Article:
Field Report has been five long years in the making. And the effort that Chris Porterfield, the multi-instrumentalist and mastermind behind new indie-folk group, exerted during the past half-decade is most certainly apparent on his self-titled debut.
Porterfield, whose name is actually an anagram of the band’s, has found the sweet spot between masterful attention to details and broad understanding of the breadth of a record. Musically, Field Report is dynamic and earnest, familial and familiar. Lyrically, Porterfield never employs the clichéd bounce of iambic pentameter or forces rhymes. Instead, he tells free-form stories over slowly picked acoustic guitars, piano accents and melodious, droning pedal steel that are exemplified in tracks like “I Am Not Waiting Anymore,” “Taking Alcatraz” and “Route 18.”
In the opening track “Fergus Falls,” Porterfield whispers, “I could have been an artist if I had the tools. I could have been a preacher if I suffered fools. When we move into the city I know I will have to pay my dues.” The song serves as expert example of how Porterfield manages to sing simultaneously in generics and specifics, as he tells the story of a family that must move.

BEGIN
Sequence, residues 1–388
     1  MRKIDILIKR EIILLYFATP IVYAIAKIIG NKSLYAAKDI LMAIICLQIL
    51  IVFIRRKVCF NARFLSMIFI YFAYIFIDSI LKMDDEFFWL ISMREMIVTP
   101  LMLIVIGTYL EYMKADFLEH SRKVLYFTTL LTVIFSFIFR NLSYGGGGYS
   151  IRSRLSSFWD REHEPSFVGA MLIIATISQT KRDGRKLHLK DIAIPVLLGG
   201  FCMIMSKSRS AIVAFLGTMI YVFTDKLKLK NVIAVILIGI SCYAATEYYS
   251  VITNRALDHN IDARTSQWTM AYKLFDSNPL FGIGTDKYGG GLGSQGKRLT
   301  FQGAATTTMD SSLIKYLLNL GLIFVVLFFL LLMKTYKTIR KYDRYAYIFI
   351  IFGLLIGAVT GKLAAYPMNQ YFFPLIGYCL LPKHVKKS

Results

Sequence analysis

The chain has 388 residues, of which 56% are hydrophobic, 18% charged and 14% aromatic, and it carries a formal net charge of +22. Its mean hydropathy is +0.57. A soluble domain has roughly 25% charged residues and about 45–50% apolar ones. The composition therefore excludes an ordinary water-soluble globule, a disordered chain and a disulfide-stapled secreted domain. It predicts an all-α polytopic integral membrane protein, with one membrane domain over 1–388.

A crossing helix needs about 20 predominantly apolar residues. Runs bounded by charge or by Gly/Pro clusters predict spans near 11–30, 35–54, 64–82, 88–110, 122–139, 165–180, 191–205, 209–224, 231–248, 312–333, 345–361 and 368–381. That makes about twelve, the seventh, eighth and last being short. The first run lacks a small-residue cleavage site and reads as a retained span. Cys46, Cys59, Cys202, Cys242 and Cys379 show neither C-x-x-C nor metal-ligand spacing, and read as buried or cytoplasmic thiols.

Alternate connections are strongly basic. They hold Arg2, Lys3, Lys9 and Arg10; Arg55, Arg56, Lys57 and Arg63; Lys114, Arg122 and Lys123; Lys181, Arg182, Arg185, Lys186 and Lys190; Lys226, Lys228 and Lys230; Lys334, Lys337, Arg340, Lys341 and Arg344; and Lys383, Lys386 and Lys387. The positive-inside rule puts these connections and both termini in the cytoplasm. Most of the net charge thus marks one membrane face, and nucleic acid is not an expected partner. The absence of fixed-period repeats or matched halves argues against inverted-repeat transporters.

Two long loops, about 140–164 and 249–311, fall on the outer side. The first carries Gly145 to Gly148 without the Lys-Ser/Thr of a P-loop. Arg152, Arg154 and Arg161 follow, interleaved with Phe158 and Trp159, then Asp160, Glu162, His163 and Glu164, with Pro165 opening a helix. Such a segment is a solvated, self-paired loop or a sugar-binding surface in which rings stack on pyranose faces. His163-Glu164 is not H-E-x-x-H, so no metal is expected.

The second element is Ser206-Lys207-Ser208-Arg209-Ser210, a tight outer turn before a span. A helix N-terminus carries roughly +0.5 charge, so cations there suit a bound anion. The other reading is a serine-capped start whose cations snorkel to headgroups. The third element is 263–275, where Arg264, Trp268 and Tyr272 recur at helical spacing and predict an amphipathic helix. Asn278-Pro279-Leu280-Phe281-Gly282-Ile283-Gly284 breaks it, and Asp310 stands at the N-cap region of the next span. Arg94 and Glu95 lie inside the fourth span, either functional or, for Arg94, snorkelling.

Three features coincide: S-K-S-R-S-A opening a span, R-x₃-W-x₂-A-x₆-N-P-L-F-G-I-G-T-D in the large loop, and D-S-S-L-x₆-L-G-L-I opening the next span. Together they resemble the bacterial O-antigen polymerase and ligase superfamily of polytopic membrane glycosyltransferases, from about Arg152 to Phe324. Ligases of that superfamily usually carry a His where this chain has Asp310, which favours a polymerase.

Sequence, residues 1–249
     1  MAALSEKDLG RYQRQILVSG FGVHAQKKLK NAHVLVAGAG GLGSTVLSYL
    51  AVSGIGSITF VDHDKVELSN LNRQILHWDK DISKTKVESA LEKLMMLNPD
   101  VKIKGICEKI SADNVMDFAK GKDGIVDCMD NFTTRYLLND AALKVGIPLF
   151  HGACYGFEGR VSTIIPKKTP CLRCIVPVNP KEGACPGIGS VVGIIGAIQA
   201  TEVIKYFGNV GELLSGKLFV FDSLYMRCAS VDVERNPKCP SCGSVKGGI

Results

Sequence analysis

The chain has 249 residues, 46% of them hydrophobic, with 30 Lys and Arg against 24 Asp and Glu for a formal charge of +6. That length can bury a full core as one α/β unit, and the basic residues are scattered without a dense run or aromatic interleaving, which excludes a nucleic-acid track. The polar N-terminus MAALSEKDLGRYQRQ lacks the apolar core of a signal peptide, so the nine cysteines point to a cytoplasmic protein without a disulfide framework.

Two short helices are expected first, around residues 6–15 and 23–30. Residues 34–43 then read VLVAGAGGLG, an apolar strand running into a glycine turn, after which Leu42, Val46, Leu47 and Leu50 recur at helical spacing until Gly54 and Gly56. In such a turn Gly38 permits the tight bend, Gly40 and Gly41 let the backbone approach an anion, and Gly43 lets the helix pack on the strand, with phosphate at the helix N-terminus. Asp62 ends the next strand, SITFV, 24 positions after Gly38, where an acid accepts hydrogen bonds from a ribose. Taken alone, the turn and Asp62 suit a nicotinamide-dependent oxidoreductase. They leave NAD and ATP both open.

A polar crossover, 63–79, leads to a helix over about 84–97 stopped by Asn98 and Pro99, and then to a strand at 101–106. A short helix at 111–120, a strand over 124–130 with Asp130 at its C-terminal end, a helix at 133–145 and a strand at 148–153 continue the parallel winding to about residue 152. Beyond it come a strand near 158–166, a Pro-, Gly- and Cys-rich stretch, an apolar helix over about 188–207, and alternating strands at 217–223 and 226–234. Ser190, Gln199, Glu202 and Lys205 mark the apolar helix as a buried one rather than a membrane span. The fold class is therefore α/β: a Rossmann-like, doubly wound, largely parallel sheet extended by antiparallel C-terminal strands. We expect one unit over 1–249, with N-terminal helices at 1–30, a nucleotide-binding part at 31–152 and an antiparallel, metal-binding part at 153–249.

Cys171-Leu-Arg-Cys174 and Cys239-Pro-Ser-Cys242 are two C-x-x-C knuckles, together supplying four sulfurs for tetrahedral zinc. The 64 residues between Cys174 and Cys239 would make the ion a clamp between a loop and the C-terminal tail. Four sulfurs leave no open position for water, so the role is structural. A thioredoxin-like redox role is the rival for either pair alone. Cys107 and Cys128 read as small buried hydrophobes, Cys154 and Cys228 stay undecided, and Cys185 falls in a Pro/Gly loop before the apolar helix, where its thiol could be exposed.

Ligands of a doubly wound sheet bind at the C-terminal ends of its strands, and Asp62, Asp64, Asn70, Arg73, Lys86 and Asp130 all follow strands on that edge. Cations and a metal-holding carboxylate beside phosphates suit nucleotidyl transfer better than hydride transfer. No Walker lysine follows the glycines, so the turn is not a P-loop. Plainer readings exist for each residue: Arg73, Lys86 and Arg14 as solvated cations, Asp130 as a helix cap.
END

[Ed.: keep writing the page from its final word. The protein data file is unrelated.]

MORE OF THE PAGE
In another sense, though, the line reflects Porterfield’s personal struggles making this self-titled debut. Since Wisconsin collective DeYarmond Edison disbanded in 2006, members have dispersed (musically and geographically) to form groups like Bon Iver and Megafaun, Porterfield has been forced to find himself and his sound outside of those confines and comparisons.
With Field Report, now, though, Porterfield needs not reflect or regret any longer; as the lyric goes, he’s paid his dues and established himself as a musical artist and a poetic preacher in his own right, held up by his own merits and worth.